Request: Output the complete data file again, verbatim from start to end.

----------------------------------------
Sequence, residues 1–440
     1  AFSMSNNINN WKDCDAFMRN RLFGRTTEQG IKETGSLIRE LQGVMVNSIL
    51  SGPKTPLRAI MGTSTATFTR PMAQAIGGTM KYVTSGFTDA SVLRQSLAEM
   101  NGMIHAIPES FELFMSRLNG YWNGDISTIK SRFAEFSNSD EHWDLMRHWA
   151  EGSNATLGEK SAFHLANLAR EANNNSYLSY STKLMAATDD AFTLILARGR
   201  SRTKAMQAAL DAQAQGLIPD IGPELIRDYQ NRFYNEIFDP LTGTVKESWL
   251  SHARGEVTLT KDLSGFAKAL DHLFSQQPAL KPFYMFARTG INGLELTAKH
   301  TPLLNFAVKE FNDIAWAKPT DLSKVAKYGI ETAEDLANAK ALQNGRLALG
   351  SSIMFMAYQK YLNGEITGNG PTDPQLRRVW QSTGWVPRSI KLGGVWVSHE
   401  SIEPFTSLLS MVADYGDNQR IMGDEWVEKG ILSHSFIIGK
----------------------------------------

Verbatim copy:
Sequence, residues 1–440
     1  AFSMSNNINN WKDCDAFMRN RLFGRTTEQG IKETGSLIRE LQGVMVNSIL
    51  SGPKTPLRAI MGTSTATFTR PMAQAIGGTM KYVTSGFTDA SVLRQSLAEM
   101  NGMIHAIPES FELFMSRLNG YWNGDISTIK SRFAEFSNSD EHWDLMRHWA
   151  EGSNATLGEK SAFHLANLAR EANNNSYLSY STKLMAATDD AFTLILARGR
   201  SRTKAMQAAL DAQAQGLIPD IGPELIRDYQ NRFYNEIFDP LTGTVKESWL
   251  SHARGEVTLT KDLSGFAKAL DHLFSQQPAL KPFYMFARTG INGLELTAKH
   301  TPLLNFAVKE FNDIAWAKPT DLSKVAKYGI ETAEDLANAK ALQNGRLALG
   351  SSIMFMAYQK YLNGEITGNG PTDPQLRRVW QSTGWVPRSI KLGGVWVSHE
   401  SIEPFTSLLS MVADYGDNQR IMGDEWVEKG ILSHSFIIGK